This show showcases rapidly growing market segments with respect to private label, discount and fast fashion. In fact, Kahan notes that more than 50 percent of all shoes currently sold in the U.S. are not traditional branded footwear and, in the South American region, where the show drew a large attendance, the percentage is even higher. And in particular to fast fashion, Kahan points out that designer styles that previously were interpreted at value price points 12 months later are now hitting discount chains at nearly the same time. “ENKWSA serves the unique needs of this business segment in a way that has not previously been met and that is why the response has been so positive,” he affirms. “It’s important to have a singular focus for such a significant portion of their business.”

It’s also one of the reasons that many attendees were writing orders. “For many retailers this is the one market where they actually place virtually all of their seasonal buys, so it is important for them to make good use of their time and do business,” he says. Kahan reports many buyers were guardedly optimistic amid a difficult economy. “As such, they are seeing greater demand for on-trend styling and fashion at value price points,” he notes.

That’s not to say there wasn’t time for a little unwinding at ENKWSA’s Olympic-themed opening night party that drew more than 600 attendees to sample food from all five continents. Kahan reports the soirée was a welcomed respite and plans are in the works for another party for the show’s next edition, which has been moved up in the calendar to Jan. 29-31 to better accommodate retailers’ buying schedules. “The dates have been moved to capture both in-season business as well as future bookings,” he says. In addition, ENKWSA will expand its seminar series and move forward with its matchmaking program that assists retailers in connecting with emerging suppliers as well as helping suppliers connect with sourcing contacts. Also, the addition of a Fast Apparel segment will be expanded. “Adding clothing was brilliant,” says Yossi Joseph, CEO of Famous Horse and VIM chains. “The stores who carry these shoes can now also buy their clothing right across the aisle.”

—Greg Dutter

LAZR: The First Time

when john ruffo and his team started making plans for the inaugural LAZR Show in Los Angeles more than a year ago, he had a vision of a 360-degree community, connecting exhibitors and retailers with consumers. Thus the first business-to-business and business-to-consumer show was born, complete with pop-up shop areas, including retailers WSS and Brigade, and various brands. “Not only did (for example) Seychelles get a chance to interact with consumers but they could also show retailers how they could build a pop-up shop in a retail store,” Ruffo explains.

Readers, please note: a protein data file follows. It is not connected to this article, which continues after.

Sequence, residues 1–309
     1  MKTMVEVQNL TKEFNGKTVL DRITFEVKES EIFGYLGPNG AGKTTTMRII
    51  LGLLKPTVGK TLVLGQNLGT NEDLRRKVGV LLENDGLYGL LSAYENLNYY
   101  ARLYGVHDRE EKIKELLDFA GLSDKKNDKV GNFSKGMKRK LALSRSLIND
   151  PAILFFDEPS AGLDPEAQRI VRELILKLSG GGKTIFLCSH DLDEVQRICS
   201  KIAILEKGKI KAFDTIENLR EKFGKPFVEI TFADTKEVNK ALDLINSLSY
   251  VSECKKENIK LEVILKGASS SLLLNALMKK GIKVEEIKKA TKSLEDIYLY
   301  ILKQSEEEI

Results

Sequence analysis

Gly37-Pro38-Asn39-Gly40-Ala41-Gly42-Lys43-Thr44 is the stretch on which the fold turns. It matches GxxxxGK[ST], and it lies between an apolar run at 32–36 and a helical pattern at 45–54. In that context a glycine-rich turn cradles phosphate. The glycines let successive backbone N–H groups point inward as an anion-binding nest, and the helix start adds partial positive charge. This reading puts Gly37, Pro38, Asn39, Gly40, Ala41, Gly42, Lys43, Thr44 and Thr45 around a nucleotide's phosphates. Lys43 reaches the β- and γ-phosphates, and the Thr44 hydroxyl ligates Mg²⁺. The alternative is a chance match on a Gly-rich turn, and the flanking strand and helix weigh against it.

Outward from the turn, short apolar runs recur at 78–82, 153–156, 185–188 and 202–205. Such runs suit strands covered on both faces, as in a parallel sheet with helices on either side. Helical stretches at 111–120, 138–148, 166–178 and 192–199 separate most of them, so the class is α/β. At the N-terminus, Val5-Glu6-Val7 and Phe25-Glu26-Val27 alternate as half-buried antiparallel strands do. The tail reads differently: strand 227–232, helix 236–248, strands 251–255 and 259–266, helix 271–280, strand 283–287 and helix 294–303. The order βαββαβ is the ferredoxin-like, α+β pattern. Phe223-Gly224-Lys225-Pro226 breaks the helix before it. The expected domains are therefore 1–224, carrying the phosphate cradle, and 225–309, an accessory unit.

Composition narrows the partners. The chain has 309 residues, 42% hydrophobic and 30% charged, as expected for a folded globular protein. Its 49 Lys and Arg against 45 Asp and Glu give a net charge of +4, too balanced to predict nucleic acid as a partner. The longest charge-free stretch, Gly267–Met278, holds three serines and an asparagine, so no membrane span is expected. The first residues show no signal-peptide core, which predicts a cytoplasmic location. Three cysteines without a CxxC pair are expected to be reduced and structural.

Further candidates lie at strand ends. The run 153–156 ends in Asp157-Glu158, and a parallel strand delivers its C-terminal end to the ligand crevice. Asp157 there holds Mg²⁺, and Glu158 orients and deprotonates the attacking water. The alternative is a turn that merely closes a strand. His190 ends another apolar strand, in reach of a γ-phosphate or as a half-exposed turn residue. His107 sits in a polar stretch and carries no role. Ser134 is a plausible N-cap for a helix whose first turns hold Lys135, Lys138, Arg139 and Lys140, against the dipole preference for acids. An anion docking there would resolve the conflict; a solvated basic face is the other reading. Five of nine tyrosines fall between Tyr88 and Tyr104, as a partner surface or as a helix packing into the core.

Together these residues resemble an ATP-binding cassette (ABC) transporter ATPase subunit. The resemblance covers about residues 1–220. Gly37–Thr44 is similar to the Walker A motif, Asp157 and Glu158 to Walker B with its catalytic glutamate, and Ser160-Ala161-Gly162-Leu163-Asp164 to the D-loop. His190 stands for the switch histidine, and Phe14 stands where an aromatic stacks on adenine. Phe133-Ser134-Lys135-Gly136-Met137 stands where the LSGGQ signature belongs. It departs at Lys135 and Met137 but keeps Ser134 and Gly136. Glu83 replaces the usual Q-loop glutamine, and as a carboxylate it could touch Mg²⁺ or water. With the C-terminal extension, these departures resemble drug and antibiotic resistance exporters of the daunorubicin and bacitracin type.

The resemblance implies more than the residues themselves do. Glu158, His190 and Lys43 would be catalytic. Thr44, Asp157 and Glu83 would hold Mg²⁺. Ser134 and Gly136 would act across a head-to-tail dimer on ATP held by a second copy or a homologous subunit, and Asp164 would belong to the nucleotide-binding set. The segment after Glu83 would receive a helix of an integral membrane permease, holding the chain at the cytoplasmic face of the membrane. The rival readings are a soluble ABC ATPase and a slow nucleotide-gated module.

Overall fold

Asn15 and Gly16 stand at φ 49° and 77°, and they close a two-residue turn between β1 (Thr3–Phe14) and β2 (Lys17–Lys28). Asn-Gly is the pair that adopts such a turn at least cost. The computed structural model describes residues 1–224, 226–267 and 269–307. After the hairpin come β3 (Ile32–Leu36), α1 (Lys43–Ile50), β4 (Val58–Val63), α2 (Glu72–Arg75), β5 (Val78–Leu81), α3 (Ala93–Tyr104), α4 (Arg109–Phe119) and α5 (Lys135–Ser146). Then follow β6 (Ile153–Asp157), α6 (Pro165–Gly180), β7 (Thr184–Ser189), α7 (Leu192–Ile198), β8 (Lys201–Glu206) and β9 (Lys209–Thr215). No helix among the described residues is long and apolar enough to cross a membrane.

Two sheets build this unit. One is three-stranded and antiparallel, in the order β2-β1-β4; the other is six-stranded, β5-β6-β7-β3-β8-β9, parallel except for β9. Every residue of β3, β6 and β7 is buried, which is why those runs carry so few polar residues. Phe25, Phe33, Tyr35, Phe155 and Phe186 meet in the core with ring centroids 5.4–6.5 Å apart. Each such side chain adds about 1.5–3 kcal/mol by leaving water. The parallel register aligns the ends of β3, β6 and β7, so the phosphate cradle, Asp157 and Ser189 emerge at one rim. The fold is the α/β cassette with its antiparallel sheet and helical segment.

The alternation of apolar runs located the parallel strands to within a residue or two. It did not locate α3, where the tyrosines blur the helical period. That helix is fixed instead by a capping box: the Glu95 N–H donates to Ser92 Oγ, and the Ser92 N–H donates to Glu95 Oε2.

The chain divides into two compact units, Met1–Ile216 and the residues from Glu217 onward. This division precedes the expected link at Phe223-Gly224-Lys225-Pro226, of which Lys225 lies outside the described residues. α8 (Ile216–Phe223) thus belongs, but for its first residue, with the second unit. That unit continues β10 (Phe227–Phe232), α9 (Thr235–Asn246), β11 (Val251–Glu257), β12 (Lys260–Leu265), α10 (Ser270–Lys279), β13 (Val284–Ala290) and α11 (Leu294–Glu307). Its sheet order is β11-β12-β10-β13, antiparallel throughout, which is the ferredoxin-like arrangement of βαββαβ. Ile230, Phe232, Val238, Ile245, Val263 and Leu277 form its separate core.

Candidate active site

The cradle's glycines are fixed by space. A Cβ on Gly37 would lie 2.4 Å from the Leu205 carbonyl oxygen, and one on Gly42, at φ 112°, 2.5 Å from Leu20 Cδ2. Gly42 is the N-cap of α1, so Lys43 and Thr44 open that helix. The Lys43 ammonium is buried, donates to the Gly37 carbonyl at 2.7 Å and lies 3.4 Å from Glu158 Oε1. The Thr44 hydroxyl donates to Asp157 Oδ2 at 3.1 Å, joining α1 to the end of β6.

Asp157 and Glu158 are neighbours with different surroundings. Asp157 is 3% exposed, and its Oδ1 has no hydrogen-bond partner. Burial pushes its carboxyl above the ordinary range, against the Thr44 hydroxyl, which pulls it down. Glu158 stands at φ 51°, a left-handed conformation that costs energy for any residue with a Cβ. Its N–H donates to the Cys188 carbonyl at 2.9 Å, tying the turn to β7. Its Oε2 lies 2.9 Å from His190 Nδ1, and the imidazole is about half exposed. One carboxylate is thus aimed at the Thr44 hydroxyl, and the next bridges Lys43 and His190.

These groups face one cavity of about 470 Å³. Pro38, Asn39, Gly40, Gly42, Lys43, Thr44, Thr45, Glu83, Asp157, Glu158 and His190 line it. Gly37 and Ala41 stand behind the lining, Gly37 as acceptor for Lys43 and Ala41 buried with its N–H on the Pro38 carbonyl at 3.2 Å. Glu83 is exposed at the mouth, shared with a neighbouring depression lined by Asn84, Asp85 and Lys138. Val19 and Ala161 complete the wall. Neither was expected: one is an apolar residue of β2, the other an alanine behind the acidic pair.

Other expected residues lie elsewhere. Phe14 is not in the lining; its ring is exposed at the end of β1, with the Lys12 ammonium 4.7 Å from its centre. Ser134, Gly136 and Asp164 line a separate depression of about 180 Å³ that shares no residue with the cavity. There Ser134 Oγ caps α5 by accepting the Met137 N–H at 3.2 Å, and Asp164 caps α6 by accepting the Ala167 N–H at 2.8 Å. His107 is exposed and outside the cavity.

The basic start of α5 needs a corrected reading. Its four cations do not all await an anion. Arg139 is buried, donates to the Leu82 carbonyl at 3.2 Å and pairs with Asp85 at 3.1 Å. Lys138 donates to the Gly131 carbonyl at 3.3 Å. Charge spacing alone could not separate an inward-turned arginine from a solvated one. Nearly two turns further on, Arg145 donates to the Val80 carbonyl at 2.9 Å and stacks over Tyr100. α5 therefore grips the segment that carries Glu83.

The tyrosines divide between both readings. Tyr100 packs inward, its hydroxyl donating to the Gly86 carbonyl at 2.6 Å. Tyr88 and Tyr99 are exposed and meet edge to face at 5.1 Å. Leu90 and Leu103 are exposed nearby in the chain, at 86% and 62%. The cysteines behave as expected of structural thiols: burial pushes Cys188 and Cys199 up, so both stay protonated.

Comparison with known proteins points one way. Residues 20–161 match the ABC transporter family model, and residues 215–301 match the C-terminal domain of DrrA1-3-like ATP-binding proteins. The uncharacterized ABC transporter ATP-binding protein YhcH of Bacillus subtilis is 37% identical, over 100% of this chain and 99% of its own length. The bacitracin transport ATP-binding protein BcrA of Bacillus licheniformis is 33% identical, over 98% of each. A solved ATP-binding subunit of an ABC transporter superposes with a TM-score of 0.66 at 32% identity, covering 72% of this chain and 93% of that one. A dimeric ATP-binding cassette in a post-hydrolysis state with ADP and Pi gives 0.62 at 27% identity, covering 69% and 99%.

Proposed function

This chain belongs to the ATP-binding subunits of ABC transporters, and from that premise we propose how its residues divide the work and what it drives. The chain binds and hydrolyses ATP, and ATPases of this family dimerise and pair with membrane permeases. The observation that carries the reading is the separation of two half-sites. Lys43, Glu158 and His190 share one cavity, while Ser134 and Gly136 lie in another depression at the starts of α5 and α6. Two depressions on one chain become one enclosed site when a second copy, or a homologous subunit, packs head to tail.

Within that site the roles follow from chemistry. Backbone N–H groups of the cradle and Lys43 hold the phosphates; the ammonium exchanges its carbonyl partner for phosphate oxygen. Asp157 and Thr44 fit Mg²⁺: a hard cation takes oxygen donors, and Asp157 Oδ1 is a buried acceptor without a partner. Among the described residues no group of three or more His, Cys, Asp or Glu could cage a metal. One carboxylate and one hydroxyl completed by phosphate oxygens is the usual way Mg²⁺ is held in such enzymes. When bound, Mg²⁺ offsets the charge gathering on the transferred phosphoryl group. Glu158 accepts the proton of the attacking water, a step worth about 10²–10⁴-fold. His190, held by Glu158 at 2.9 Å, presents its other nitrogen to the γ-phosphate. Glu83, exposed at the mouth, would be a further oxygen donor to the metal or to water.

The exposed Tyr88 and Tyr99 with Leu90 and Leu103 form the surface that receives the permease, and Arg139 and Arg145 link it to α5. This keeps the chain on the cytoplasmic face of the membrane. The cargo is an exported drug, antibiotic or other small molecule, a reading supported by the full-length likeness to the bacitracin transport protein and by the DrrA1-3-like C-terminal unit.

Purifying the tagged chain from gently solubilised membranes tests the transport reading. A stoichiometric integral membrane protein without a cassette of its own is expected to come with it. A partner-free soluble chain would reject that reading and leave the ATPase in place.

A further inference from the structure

The show took place Aug. 13-15 at LA Live’s South Park campus, and featured more than 75 brands, including N.Y.L.A., Badgley Mischka, Dolce Vita, ZiGiny and Alegria. Touches inspired by the City of Angels, including art and entertainment, were sprinkled throughout the show. And the 280-plus buyers enjoyed a kick-off event at the J.W. Marriott, which showcased the talent of Tony Lucca from The Voice, a screening of the Michael Jackson film This Is It and the facilities of South Park, which include over 16 restaurants, The Grammy Museum and Lucky Strike Lanes. “There was a sense of community and authenticity of putting other parts of our lives into the trade event itself, especially from a regional level,” Ruffo says.

While he notes that attendees enjoyed the vibe of the show, exhibitors could have benefited from higher traffic. “It’s hard to draw buyers in and have them write orders like they do [at] other shows that have been in business for 75 years,” he says. Nevertheless, some attendees did well. “There were guys that didn’t write any business, and there were guys writing throughout the show,” he says. “ZiGiny wrote more business here than any other show in town.” He also cited sneaker brands as being popular with buyers, particularly Energie and Ponic and Co., as well as dressier styles by Seychelles. “They’re like art pieces unto their own,” he says of the latter. Aspiga’s laid-back, resort-feel sandals were also a big hit, as well as newcomer brand OTZ’s innovative casual and comfortable footwear featuring CorkTech footbeds.

-Maria Bouselli